Parents in Bermuda often transferred real estate to their children during their lifetime in order to avoid the payment of stamp duty by children, often referred to as a death tax.
Today, however, parents no longer must transfer real estate during their lifetime, thereby losing control over the property, in order to avoid stamp duty.
The far preferable method of eliminating stamp duty is to apply for a Primary Family Homestead Certificate ("Certificate"). Such a Certificate eliminates stamp duty payable after death on the designated dwelling.
A Certificate can be applied for either during the life of the owner, or after death by estate representatives. If more than one dwelling is owned, it is advantageous to obtain the Certificate on the most valuable property. If a deceased owned more than one dwelling, estate representatives can only designate the actual residence immediately prior to death, as the primary family homestead.
If the deceased did not reside in any of the dwellings immediately prior to their death – because they were in residential care, for example – then the estate representatives can only apply for designation of the least valuable dwelling.
A designation during the owner's lifetime provides a surer opportunity to obtain the highest stamp duty relief. If the owner is later in residential care pre-death, the dwelling representing the highest relief should already have been designated.
Designating a dwelling as the primary family homestead often extinguishes the need for a transfer of property during the owner's lifetime. However, owners of multiple properties may still find lifetime transfers useful in particular circumstances.
For example, after-death stamp duty on a home with a market value of $1 million amounts to $85,000 – while in comparison, the stamp duty on a lifetime transfer of a $1 million property is just $34,000.
A lifetime transfer at less than market value is by "Voluntary Conveyance". The advantages of such a conveyance are that the owner's intentions can be effected during their lifetime, and stamp duty can be determined and paid during their lifetime.
The disadvantages of such a conveyance are that stamp duty is payable within 30 days of the conveyance, and exclusive legal control of the property is lost.
Some control can be maintained by way of joint ownership or by reservation by the person conveying of a "Life Interest" in the property -- but both have pitfalls. For example, owning children may refuse to sign a mortgage – to finance medical treatment, or for essential window upgrades. An owning child may also get divorced, resulting in the property being sold under a divorce settlement or court order.
If owners are comfortable with co-owning property, ownership is either as joint tenants or as tenants in common.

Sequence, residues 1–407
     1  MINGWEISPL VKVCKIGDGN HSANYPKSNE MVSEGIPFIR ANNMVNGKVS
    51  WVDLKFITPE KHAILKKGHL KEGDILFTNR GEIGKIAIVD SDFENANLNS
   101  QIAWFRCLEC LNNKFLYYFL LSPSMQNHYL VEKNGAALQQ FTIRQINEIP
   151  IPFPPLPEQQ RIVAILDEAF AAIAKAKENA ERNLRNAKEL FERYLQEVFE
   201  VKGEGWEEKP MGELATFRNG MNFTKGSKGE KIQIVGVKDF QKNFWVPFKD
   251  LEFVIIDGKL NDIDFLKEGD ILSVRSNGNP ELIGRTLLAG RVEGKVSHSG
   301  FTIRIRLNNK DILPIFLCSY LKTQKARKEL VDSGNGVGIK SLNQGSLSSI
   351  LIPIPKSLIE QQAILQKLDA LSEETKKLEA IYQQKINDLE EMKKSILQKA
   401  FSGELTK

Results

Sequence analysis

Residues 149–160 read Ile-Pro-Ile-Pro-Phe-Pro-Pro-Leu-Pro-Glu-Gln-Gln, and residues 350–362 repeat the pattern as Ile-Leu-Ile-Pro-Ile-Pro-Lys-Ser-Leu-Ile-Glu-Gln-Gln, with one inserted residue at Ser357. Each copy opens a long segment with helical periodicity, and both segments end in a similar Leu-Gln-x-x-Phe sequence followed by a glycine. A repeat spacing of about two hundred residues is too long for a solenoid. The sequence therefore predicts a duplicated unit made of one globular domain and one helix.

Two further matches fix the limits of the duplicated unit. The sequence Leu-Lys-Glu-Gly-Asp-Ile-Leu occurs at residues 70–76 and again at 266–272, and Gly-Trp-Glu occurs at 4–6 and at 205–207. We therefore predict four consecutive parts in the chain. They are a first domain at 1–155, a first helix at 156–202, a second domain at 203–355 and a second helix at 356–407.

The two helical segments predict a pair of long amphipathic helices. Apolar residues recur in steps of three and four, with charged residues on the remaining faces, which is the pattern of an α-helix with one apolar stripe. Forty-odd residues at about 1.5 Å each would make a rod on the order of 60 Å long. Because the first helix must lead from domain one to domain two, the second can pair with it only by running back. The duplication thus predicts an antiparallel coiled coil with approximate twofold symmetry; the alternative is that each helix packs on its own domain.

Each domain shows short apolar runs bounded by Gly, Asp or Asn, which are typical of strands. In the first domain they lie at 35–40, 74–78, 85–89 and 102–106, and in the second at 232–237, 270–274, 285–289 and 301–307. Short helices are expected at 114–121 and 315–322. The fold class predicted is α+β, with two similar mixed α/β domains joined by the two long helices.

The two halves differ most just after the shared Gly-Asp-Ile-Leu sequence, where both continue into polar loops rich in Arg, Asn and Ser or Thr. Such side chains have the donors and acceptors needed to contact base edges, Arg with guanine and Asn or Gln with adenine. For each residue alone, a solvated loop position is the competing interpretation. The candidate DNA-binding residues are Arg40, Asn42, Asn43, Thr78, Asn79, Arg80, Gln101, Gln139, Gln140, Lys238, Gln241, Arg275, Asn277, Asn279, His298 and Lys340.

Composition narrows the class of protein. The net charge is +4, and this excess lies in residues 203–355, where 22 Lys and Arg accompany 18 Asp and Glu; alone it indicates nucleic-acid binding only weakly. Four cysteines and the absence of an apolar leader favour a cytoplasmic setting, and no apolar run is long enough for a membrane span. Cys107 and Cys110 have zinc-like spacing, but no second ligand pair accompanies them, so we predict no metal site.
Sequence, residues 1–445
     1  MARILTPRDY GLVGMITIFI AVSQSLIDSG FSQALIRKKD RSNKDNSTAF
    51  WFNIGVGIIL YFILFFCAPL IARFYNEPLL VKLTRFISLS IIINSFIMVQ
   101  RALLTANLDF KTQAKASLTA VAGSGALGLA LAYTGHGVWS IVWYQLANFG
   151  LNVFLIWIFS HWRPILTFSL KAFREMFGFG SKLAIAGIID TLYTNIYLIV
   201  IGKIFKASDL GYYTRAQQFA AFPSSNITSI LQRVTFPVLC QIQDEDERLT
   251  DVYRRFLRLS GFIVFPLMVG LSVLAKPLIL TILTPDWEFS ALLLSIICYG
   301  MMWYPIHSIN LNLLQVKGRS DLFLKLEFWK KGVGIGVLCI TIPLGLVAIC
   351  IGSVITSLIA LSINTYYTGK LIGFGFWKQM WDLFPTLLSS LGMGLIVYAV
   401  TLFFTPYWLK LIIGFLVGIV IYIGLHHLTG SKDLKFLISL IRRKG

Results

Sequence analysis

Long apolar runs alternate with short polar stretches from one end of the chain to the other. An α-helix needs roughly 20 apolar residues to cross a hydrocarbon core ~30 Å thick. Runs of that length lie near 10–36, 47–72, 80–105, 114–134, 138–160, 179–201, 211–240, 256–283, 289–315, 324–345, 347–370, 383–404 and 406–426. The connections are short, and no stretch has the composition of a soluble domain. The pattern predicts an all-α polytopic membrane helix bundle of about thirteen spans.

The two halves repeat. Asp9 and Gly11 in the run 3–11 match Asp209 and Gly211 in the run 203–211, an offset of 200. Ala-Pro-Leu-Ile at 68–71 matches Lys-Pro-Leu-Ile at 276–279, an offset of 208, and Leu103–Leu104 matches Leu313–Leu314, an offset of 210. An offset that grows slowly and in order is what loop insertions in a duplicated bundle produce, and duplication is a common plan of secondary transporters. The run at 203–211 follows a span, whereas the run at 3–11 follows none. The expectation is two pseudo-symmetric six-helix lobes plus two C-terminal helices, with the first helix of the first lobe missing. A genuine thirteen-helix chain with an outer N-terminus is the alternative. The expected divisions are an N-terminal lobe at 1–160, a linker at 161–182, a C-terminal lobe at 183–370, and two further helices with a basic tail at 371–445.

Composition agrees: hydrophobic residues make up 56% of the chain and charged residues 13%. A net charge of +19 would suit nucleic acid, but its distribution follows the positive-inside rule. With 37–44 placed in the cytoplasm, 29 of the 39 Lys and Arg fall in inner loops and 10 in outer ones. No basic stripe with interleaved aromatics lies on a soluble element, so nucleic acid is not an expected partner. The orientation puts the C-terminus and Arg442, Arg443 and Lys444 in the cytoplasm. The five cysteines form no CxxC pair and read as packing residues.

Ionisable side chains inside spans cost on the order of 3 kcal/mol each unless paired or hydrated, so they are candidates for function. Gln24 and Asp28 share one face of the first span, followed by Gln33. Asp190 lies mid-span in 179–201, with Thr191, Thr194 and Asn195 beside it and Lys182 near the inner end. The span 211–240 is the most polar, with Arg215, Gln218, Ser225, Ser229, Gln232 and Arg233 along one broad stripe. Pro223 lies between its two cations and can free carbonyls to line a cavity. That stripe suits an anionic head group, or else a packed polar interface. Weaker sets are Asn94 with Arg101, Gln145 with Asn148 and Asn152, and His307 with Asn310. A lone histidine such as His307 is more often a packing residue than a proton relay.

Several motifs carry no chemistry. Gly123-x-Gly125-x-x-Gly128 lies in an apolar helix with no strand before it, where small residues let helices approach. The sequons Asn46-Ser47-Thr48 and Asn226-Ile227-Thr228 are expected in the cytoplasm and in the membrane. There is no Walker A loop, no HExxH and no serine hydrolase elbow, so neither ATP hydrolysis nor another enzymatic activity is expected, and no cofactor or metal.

In the case of a joint tenancy, the last survivor ultimately becomes the outright owner. This is usually fine with spouses, but possibly not with multiple children, especially when grandchildren are involved. Potentially only the children of the longest survivor would benefit, to the exclusion of other grandchildren.
Tenants in common do not suffer the survivorship rule; however, any owner is free to transfer their share to a third party.
A reserved Life Interest is not ownership, but creates the right to occupy or collect rent to the exclusion of all others, including the owners. If a Life Interest is reserved, stamp duty is reduced using actuarial tables based on the life expectancy of the person with the Life Interest. The longer the life expectancy, the greater the reduction in stamp duty assessed.
Choosing not to make a lifetime transfer maintains full control to sell, let, mortgage etc. In such cases, property may instead be gifted by Will. A Will can be changed at any time, but a lifetime transfer is more expensive, harder to reverse or change (if at all possible) and has further stamp duty implications.
When disposing of a dwelling, a Will combined with a primary family homestead designation, not only ensures exemption from stamp duty but also that the dwelling passes to the intended beneficiary.
The procedure to transfer the deceased's assets to heirs is known as Probate. Once probate is obtained and the liabilities, debts and expenses of the estate have been settled, the assets are distributed according to the Will.
If there is no Will, then the distribution is according to the Succession Act 1974 – and property is shared by relatives in the highest categories set out in the legislation to the exclusion of others in the lower categories. Naturally, spouses and children are specified first, but anomalies mean that a Will is more certain of transferring assets to those intended to benefit from an estate.
Owners have individual concerns and preferences for estate planning purposes and each family has its own unique dynamics. Owners should make long-term plans and obtain appropriate legal advice to be sure that their desired wishes are attained – and in the least expensive manner possible.
The content of this article is intended to provide a general guide to the subject matter. Specialist advice should be sought about your specific circumstances.